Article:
He’s lived in Brazil for more than a decade, so that’s to be expected. But some expats never move past the order-a-beer phase, and few reach the point where they can talk politics with their adopted country’s head of state.
On Tuesday, Greenwald conducted the first interview with suspended Brazilian President Dilma Rousseff since the Senate brought (bogus) impeachment charges against her last week. At over 20 minutes, the final, subtitled conversation is refreshing, in that it actually seems to privilege a Brazilian audience.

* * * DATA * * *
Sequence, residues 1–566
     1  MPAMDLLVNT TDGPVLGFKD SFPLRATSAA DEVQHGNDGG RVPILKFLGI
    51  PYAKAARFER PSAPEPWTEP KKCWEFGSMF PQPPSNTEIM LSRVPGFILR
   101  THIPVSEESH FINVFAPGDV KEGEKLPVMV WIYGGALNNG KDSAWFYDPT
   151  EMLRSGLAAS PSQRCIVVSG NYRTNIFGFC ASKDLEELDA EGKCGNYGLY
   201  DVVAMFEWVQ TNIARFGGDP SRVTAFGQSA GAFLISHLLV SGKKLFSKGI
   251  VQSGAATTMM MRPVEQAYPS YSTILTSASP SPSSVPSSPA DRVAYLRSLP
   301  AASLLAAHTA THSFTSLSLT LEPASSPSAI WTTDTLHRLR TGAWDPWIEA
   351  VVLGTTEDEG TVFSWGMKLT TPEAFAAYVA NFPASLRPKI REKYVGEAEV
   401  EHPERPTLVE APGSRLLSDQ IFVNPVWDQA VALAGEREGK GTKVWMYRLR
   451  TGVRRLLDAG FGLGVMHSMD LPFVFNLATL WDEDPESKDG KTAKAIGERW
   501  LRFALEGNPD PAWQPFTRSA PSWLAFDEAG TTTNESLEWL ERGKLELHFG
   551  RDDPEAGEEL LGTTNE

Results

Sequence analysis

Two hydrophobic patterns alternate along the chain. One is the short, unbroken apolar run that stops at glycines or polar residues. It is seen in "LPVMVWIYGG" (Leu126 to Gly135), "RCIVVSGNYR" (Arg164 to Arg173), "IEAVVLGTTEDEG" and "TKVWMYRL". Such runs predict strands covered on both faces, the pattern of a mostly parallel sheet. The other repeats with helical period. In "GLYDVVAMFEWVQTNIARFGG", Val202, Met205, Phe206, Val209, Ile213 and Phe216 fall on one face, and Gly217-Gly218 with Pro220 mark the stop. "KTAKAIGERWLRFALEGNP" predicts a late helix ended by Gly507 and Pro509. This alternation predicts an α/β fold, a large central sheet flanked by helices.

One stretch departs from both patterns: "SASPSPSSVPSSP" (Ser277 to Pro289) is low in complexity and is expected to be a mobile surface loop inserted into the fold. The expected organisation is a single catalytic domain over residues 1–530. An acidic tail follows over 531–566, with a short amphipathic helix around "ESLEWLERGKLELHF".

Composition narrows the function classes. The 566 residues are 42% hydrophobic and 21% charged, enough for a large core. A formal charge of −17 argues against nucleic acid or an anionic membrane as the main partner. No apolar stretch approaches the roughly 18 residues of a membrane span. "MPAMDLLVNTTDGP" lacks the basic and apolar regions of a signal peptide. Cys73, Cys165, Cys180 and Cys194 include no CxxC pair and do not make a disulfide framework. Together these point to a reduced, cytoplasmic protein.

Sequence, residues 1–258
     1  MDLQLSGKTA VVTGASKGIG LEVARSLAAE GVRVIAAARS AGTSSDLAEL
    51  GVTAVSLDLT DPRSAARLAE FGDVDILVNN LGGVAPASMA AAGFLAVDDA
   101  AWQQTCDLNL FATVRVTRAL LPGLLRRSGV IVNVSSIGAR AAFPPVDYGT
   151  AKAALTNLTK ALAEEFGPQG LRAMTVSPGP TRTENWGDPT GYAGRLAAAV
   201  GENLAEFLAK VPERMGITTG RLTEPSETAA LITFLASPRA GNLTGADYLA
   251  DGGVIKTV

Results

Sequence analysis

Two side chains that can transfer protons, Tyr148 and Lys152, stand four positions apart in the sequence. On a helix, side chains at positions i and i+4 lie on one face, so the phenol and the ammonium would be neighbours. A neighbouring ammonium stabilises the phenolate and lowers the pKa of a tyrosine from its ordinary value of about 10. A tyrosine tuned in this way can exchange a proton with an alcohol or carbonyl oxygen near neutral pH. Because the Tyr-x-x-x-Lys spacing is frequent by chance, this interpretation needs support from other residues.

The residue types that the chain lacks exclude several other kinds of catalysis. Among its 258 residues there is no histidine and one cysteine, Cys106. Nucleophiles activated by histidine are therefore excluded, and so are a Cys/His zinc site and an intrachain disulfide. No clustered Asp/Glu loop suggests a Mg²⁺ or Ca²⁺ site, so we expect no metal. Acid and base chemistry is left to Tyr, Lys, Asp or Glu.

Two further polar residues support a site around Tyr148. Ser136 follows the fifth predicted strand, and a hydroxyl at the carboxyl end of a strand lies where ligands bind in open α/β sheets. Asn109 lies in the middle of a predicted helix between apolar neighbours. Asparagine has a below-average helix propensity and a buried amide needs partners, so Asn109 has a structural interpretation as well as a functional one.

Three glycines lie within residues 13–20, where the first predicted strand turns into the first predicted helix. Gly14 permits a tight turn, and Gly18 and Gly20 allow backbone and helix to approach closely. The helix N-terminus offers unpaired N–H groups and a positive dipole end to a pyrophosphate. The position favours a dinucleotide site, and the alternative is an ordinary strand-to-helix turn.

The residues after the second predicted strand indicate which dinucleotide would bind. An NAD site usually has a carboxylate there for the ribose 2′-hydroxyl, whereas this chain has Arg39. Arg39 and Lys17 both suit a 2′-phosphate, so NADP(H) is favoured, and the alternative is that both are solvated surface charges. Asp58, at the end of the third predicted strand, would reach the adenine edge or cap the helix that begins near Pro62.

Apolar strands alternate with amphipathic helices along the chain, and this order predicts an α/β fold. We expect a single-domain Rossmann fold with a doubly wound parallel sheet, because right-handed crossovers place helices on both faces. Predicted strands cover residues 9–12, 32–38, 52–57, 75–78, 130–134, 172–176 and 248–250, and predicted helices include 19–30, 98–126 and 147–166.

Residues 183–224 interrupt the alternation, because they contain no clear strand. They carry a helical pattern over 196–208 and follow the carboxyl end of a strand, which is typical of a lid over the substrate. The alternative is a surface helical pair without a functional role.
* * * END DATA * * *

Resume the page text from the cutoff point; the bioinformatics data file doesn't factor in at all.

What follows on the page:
The interview itself is no fluff piece. An adamant critic of the movement to remove Rousseff, Greenwald nonetheless presses the embattled leader about corruption in her Workers’ Party and some of the more questionable decisions of her presidency. But that Greenwald scored the sit-down at all is a deeper affirmation of the editorial approach The Intercept has taken to Brazil’s political crisis.
The online magazine, which Greenwald helped found, has been translating its reporting on the subject into Portuguese—a corrective to what Greenwald and others characterize as the Brazilian media’s doggedly anti-Rousseff bent.